Long ago, the expression "carrying coal to Newcastle" meant to do something utterly pointless, because the city of Newcastle-on-Tyne had a monopoly on British coal exports. But soon, though, carrying coal to anywhere in the United Kingdom will be pointless.
On February 14, the leaders of all three of the U.K.'s major political parties announced a joint commitment to phase out the use of coal and fight climate disruption.
Specifically, here's what they agreed to do:
- Seek a legally binding, global climate deal that limits temperature rises to below 2 degrees C (i.e. 3.6 degrees F)
- Forge a domestic agreement on carbon budgets
- Accelerate the transition to a low-carbon economy
- End unabated coal for power generation ("Unabated coal" is any coal that causes carbon pollution. At this point, that amounts to all coal.)
Here in the U.S., the news got relatively little coverage. That's somewhat surprising -- it's not every day that opposing politicians anywhere (in the middle of an election campaign, yet) set aside their differences long enough to agree on an important, substantive issue. Heck, in this country, we can't even get the Obama administration to agree with itself on the importance of moving beyond coal and other fossil fuels. Even as one part of the administration acts strongly to clean up coal-fired power plants, another part sells billions of tons of coal from public lands at below-market rates.
But what happened in Britain is actually a really big deal for several reasons.
You can start with the 1,600 lives that will be saved each year by cleaning up the air in the same country that coined the word "smog" to describe what was killing so many people. In fact, it was air pollution that led the English to make their first attempt to ban coal burning way back in 1306. Now, more than 700 years later, it looks like they are finally going to make it stick.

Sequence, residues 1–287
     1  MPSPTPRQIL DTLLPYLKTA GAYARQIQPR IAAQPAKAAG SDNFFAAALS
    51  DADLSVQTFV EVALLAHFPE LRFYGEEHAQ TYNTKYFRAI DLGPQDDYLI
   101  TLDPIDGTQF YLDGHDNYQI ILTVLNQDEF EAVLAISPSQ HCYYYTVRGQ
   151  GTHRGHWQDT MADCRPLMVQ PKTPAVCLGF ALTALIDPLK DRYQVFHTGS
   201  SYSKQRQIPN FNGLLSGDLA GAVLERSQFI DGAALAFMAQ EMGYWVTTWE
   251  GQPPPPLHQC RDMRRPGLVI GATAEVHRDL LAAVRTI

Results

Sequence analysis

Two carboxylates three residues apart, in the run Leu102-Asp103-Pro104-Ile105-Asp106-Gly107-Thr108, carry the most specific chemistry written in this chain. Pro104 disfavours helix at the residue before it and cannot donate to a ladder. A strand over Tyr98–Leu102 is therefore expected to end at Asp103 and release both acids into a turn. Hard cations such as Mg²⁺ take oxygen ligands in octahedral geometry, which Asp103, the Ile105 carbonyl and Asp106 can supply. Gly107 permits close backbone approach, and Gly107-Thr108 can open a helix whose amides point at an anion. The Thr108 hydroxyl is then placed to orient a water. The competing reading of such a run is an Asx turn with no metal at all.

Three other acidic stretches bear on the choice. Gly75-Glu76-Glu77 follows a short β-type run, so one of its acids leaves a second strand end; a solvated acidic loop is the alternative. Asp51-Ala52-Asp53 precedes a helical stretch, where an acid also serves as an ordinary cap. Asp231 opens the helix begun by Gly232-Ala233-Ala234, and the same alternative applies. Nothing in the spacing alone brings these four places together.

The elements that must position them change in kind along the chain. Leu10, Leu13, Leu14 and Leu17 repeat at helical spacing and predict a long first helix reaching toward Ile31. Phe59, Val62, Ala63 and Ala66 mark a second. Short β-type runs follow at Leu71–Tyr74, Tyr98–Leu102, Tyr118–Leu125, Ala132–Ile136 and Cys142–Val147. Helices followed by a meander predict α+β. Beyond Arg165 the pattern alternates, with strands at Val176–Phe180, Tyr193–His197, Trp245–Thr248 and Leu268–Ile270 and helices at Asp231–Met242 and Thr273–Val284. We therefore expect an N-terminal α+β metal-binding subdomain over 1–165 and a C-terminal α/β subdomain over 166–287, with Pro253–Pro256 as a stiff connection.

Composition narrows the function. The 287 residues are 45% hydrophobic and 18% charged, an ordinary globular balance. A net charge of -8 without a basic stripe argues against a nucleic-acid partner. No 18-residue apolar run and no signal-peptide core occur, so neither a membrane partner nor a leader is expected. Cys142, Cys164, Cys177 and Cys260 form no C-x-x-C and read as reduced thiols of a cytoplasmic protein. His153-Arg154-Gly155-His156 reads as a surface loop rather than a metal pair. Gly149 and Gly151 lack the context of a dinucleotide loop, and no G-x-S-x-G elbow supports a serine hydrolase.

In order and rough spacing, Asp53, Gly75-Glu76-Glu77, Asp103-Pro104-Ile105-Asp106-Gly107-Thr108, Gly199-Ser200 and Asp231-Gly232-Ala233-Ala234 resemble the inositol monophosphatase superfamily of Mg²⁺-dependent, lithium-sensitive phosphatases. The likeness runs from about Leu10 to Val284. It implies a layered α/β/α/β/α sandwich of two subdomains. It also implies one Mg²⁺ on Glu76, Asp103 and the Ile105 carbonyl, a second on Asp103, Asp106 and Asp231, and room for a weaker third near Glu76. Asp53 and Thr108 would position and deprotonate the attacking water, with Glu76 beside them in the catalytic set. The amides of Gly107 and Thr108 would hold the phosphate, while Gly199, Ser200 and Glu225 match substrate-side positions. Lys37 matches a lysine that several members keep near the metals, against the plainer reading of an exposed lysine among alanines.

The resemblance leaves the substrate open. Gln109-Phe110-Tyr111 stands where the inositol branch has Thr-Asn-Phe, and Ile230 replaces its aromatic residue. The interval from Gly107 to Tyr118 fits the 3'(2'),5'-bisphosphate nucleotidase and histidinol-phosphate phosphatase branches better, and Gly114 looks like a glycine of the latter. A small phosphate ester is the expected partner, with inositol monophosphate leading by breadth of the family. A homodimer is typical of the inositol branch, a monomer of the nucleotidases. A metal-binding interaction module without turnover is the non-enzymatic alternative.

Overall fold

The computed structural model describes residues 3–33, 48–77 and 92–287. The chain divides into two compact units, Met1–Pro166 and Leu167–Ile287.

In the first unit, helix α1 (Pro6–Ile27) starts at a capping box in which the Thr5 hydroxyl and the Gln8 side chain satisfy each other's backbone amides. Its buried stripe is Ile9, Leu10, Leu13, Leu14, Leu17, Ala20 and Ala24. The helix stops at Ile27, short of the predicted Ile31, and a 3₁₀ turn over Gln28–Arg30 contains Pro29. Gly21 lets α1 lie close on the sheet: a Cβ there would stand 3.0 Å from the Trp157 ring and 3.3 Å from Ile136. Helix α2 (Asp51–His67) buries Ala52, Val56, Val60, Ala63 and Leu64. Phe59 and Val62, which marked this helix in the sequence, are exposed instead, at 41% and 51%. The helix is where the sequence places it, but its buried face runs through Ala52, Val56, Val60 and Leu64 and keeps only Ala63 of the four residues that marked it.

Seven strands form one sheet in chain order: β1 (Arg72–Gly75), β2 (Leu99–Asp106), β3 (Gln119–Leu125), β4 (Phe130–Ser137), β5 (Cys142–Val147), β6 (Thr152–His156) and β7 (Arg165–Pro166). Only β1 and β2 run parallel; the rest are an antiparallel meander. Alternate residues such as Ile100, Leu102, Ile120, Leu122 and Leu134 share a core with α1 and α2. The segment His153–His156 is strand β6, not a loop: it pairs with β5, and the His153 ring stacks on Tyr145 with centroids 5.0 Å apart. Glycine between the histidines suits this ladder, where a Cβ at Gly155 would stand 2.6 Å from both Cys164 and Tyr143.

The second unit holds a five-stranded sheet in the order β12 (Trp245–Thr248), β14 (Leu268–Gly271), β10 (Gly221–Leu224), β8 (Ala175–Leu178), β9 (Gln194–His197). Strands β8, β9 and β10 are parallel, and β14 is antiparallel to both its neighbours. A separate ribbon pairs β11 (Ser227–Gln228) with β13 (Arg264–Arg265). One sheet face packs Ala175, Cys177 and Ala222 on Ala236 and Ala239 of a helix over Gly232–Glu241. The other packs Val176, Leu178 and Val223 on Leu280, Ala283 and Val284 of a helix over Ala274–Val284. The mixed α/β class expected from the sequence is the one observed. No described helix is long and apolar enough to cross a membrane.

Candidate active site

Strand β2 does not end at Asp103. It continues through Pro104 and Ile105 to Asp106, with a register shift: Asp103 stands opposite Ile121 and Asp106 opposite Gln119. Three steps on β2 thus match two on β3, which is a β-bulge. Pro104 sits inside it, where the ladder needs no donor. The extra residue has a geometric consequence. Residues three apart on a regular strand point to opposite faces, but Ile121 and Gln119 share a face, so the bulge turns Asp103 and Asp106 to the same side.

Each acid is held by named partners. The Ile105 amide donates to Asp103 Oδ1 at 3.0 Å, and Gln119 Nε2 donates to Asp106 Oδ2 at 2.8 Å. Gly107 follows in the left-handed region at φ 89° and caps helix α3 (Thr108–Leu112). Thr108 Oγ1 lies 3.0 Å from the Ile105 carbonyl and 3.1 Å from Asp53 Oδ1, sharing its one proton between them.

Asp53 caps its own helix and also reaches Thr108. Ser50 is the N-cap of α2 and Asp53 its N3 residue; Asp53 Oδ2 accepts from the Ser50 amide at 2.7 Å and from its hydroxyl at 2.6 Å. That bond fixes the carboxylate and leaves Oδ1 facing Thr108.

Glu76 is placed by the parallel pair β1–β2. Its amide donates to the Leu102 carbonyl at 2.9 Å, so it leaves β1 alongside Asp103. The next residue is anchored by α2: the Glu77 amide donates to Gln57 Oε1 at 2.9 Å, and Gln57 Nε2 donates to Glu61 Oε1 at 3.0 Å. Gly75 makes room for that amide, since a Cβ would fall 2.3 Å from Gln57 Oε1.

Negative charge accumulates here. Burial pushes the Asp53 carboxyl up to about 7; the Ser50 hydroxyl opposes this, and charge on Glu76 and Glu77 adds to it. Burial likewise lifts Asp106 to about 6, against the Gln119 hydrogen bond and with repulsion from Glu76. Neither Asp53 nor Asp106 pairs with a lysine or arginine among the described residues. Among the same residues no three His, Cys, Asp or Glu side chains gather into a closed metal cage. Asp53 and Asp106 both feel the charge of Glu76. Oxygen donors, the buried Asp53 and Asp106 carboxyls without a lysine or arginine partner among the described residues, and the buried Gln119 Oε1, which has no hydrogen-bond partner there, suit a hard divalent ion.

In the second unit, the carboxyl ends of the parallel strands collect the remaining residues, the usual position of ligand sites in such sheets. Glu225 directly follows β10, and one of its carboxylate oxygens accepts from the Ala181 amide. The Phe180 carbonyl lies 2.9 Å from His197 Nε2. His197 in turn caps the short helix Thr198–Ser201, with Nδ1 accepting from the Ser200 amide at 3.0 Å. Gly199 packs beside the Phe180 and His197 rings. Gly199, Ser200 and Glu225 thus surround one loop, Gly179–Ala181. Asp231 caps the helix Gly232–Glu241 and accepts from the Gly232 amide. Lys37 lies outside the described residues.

Next, we can add the U.K. to the growing list of "if they can do it, why can't we?" nations around the world. The British may not have the abundant renewable energy resources that we do in this country, but that won't stop them from going "all in" on clean energy as they move beyond coal. Just last week, the United Kingdom approved what will be the world's biggest offshore wind farm -- and one of the U.K.'s biggest power stations, period. That's the kind of clean energy project that becomes easier to plan and build when you have market certainty that a nation is firmly committed to climate action -- regardless of who happens to be in power.
And you can be sure that the growing list of climate-committed nations will be critical when the next round of climate negotiations begins in Paris later this year. There's a real sense that it's time to put up or shut up, and nations are stepping up in a way we haven't seen in over 20 years of UN negotiations.
Finally, although it may seem improbable now, what happened in the United Kingdom gives us a model for what we should expect from our own leaders. Sure, people in the U.K. overwhelmingly support and expect climate action, but not that much more than they do here in the U.S., where a majority of both Republicans and Democrats are in favor of it. The biggest difference may be that the fossil fuel lobby in the U.K. has nowhere near the influence that it does in this country. Plus, although the U.K. still mines some coal, most of what it burns is imported from places like Russia.
Given all that, can we ever get the same kind of commitment to climate action from our own leaders of both parties? Yes, if we make it clear that it's important to all Americans. We've seen divisive issues resolve themselves with astounding speed before -- same-sex marriage being only the most recent example. One big thing in our favor: The more that people learn about the benefits of clean energy versus the costs and dangers of dirty fuels, the more supportive of it they become. And those benefits can apply to anyone, regardless of which party they belong to.
Most people understand that. Now it's time to make sure that politicians do.